When thinking about Deaf culture, realize there is a barrier dividing people who are Deaf from hearing people, and it is communication. A large portion of Deaf culture revolves around this fact of life. Lack of communication inhibits the interaction between people. So, to overcome this, many people who are Deaf key in on socialization.
Deaf people are famous for "DST," Deaf Standard Time. That is, the Deaf have a tendency to be late because they like to chat for long periods of time.
However, not Deaf are involved with the Deaf Community. Not all people who are Deaf, especially young Deaf children of hearing parents, have access to -- or even know -- other people who are Deaf. Nine out of every ten Deaf children are born from hearing parents who have no experience or knowledge of the Deaf community. There are Deaf children whose parents do not know Sign Language. And, there are Deaf children who do not know other Deaf children. Many have a hard time making good friends because they either don't have the opportunity or they don't share the same language with other children. We feel it is important, like many other Deaf sites on the Internet, to raise awareness about these issues.
Deaf Communities are extremely tight knit worlds that exist to preserve friendships and interaction. Deaf Communities also serve as a rallying point to create the political strength the Deaf need to lobby for the support they need from the larger community. Schools for the Deaf provide a center for the community, an emotional core, if you will. These schools are considered extremely important and essential to the well being of individuals as well as the group. Deaf Communities are quick to act if anything threatens their school funding. Also, religion often plays a large role in the lives of the Deaf, because they provide opportunities for interaction. An announced sporting event for the Deaf can draw thousands from all over, not so much for the sport but for the socialization. Deaf people like to hang around a lot of the same places where they know that they would find other Deaf people, such as coffeehouses and movie houses that play open-captioned movies.
Identity is another important issue with the Deaf Community and individuals who are Deaf. They question the common notion: "Are Deaf really handicapped?" They say "No!" It is important to all Deaf that to remain strong and independent. They want to prove Deafs can make it in the world, and they often give themselves and each other encouragement to develop the confidence to make it as whole and independent people in the world. The only thing they can't do is hear. If they have the benefit of a good education and develop their skills, the Deaf can function as well as anyone else. The Deaf are very straightforward and uninhibited in the way they communicate with each other, and with all other people as well. They don't "pussy-foot" around. Sometimes this directness comes off as seeming rude. Hearing people tend to cover up their true meaning more than the Deaf do. This confuses communication. The Deaf read the body language before the words, so most of the time they know the real meaning even when the words don't match up. The words confuse the meaning, and makes it difficult to communicate.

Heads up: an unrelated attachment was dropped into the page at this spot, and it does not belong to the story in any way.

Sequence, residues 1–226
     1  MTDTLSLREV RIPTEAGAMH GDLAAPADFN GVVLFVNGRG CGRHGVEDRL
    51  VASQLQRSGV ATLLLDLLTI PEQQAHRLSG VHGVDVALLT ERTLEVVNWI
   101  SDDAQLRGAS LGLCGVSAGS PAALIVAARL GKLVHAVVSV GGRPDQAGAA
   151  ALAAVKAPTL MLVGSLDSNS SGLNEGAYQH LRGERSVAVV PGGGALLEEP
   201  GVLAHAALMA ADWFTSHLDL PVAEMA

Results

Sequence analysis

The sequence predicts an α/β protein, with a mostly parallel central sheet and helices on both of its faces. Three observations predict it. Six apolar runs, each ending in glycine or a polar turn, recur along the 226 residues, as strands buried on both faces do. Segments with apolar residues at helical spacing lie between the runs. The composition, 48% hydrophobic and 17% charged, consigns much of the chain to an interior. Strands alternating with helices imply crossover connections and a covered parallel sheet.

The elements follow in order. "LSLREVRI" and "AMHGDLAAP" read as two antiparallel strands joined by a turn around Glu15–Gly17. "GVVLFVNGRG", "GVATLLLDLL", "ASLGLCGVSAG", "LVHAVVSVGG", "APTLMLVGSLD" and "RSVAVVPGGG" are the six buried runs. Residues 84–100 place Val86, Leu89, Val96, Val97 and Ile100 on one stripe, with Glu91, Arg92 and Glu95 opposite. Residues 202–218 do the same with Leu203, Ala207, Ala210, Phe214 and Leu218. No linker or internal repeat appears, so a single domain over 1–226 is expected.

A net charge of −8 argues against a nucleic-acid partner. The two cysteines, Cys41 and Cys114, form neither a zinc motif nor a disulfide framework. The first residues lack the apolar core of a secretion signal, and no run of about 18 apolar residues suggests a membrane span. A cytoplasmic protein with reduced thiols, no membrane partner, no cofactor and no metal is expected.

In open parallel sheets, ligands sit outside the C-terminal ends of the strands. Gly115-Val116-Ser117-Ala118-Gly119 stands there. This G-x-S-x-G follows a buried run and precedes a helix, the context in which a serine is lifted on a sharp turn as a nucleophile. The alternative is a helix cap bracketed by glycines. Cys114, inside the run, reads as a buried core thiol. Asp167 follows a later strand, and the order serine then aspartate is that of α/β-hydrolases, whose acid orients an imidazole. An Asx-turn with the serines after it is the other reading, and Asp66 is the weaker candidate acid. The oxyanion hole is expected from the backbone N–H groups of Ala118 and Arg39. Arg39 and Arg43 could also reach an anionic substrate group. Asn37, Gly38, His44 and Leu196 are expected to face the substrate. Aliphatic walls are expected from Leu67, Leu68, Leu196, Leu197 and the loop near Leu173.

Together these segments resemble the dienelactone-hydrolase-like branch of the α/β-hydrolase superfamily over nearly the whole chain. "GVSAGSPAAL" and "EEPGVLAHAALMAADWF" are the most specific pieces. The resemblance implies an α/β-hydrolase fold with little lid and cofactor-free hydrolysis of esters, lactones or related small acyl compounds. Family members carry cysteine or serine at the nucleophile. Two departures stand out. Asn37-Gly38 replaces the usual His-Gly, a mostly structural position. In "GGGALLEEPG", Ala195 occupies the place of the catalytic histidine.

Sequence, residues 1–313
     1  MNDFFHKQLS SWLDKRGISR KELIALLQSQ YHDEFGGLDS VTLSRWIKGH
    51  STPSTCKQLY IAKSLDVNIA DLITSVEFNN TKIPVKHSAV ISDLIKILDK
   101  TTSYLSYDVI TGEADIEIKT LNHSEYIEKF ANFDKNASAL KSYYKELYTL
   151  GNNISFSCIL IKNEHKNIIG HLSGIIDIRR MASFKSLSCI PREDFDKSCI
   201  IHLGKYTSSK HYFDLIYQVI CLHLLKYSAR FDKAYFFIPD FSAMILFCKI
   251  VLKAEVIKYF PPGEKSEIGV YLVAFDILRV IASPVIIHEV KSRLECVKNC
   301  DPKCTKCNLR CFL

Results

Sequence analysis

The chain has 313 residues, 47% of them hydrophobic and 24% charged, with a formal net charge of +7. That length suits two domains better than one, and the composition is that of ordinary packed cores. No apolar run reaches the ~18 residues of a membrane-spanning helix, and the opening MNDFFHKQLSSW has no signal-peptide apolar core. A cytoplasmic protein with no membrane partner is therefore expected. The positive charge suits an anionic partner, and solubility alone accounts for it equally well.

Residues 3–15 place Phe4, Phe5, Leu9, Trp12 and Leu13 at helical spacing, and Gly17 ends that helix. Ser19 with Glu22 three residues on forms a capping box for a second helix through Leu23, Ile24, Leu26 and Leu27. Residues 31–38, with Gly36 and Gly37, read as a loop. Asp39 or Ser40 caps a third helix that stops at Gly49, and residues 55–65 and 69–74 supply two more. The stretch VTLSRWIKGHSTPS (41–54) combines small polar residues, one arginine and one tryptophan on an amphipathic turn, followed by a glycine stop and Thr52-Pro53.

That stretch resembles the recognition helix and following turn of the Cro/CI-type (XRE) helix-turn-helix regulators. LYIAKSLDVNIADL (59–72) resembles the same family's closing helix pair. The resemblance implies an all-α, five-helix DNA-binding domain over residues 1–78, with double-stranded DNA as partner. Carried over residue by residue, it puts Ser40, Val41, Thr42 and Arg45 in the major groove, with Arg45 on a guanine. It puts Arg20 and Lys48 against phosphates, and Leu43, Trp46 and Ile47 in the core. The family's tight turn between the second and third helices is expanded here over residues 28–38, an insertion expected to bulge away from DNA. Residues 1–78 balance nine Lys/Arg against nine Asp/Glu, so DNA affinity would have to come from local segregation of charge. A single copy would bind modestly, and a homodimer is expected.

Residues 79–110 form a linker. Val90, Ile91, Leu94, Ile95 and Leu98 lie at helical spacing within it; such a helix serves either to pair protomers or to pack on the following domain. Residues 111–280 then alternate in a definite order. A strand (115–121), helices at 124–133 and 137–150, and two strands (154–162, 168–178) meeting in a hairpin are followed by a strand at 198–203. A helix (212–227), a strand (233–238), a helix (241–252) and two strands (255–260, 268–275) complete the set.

Historically the Deaf have been one of the world's repressed minorities. In times past, the Deaf were often referred to in negative ways. Today sensitive and informed people use positive language that recognizes, and values, the differences. Deaf people are "people" first and "Deaf" second. Being "Deaf" does NOT make one "dumb". People who are Deaf are very sensitive to any put down, and rightfully so.
Even though the Deaf in America all have regional, even school, differences or they were taught a variety of different language systems growing up, once people who are Deaf get together they quickly find a common ground in language so they can communicate with each other. This is usually ASL. The Deaf all over the world are very flexible with each other because they value so much the chance to form real, meaningful relationships. The Deaf pick up what others are saying by starting with very gestural signs that look much like what they mean. Sometimes these signs are called "iconic" (like "icon" pictures used to represent actions on the computer). Sign language can be very efficient and the Deaf are able to learn variations in each other's systems quickly. Deafs tend to joke that it would be better for the world's sake if each country's diplomats were Deaf, because they can find ways to resolve their differences, come together, and be strong. The Deaf could do the world good!